LET’S TALK ABOUT LILLY SINGH
Lilly Singh, previously known by her username IISuperwomanII, has been a YouTuber since 2010. Over the last ten years, the Indian Canadian YouTuber has also become an actor, writer, and most recently, a talk show host. Her show, A Little Late with Lilly Singh, airs on NBC.
However, over the last few months, she has come up against the recent wave of ‘cancel culture’ and has faced controversy on two fronts: cultural appropriation, and exploitation of stereotypes.
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This one is for my sisters around the world. No matter your colour, shape, size, orientation, preferences, abilities or style… BADGYALL PULL UP!!! I had a blast remaking one of my favorite old school Dancehall songs called “Badman Forward, Badman Pull up.” Much of my upbringing involved mashing it up on the dance floor when this tune came on but it was always directed to the boys, so I thought I’d switch it up a bit. I think the beauty of music and art is how it speaks to different people and how we can build upon it as time goes by, while still paying tribute to the original. The original song is by Ding Dong, so be sure to check it out. And if you’re not familiar with Dancehall, it’s a wonderful genre from out of Jamaica so be sure to peep that too! Now… the real question is, which badgyals know how to pull up? Tag me in your videos and I’ll repost. This has been a #ForTheRecordRemix, dedicated to all the badgyals. If you know one, TAG EM! (Mix by the wonderful @durranibros) #GirlLove ❤️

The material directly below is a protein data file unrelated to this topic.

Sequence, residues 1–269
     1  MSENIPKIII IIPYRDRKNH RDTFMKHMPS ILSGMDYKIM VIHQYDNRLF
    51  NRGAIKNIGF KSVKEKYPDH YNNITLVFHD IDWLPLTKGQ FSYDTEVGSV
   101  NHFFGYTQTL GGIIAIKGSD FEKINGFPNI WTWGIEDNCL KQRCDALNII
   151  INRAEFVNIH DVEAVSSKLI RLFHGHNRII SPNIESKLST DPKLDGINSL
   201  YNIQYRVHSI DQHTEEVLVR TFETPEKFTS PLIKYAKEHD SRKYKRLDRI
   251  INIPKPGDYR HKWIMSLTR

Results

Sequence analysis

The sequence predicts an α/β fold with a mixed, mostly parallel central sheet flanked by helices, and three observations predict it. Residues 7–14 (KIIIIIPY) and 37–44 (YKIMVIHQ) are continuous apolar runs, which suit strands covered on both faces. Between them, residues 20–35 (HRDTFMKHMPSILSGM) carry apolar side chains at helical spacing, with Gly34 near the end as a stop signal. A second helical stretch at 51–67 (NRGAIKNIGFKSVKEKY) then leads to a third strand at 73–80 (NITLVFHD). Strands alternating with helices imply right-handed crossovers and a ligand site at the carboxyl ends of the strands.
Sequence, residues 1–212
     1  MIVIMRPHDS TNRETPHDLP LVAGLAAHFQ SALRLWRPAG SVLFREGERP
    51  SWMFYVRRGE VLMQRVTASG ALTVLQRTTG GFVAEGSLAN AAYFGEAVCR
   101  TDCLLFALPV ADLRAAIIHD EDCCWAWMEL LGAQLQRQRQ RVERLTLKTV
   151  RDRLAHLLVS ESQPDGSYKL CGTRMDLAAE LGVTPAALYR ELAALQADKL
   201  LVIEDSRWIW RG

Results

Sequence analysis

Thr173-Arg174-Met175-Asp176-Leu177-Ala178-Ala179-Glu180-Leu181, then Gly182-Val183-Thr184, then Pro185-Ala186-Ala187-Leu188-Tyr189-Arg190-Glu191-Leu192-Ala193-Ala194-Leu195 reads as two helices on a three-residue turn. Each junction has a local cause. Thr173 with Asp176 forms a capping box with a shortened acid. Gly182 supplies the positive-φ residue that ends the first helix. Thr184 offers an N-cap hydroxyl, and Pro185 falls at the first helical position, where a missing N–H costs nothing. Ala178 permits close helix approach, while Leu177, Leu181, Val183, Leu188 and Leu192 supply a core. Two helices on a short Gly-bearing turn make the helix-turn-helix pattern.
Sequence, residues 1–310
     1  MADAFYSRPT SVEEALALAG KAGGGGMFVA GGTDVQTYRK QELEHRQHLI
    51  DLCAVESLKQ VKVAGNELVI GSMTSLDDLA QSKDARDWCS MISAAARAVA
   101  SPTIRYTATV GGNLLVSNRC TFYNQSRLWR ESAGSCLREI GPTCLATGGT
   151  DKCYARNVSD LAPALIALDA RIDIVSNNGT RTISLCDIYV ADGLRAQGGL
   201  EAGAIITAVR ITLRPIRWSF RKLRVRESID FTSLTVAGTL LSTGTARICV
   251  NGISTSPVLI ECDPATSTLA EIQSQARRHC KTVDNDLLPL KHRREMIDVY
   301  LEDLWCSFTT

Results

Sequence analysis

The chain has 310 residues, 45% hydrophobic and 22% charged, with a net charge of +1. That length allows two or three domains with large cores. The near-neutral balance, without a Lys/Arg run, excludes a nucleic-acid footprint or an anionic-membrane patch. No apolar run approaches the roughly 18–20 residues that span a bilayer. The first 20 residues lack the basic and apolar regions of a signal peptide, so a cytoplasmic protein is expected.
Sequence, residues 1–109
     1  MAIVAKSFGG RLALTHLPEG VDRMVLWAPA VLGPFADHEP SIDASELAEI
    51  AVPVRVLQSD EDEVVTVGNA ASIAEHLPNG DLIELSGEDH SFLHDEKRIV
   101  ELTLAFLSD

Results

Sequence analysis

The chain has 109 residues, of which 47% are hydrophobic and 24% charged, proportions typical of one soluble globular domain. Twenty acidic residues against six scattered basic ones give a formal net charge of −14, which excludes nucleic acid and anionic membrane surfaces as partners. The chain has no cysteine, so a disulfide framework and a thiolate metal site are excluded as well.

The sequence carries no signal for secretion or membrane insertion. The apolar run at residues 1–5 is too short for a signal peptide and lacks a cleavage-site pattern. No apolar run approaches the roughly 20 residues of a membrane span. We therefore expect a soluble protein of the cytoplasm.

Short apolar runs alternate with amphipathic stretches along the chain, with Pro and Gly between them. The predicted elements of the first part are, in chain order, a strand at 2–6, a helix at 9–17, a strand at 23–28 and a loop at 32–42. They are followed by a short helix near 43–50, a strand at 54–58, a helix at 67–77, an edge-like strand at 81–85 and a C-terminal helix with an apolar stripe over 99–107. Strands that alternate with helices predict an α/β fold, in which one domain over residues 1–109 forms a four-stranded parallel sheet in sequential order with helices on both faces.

Let’s start with cultural appropriation. In April 2020, Singh released a remake of an old Dancehall song called “Badman Forward, Badman Pull Up” by Ding Dong, changing the lyrics to support women of all shapes and sizes. However, in the video, she raps the song in a faux Caribbean accent, causing people to accuse her cultural appropriation, and not for the first time. Singh has often been seen sporting cornrows, or using Caribbean vernacular in her videos and talk show, which she attributes to her upbringing in Scarborough, an ethnically diverse area of Toronto.
She has also been accused of exploiting Indian stereotypes over the years in the numerous videos with her parent characters, Manjeet and Paramjeet.
Although Singh does come from a South Asian background, many people believe that the melodramatic nature of these characters only further perpetuates racial stereotypes towards people from India living in the West.
However, on this front, fans are quick to defend her, claiming that the content is definitely relatable to people with Indian parents, and that instead of aiming to mock, the purpose is simply to unite through common experiences.
Although Singh has often spoken out against cultural appropriation, violence against the black community, and spread #GirlLove, it seems that the long-standing YouTuber turned celebrity may still have some work to do in unifying her beliefs.
What do you think about this controversy surrounding Lilly Singh?
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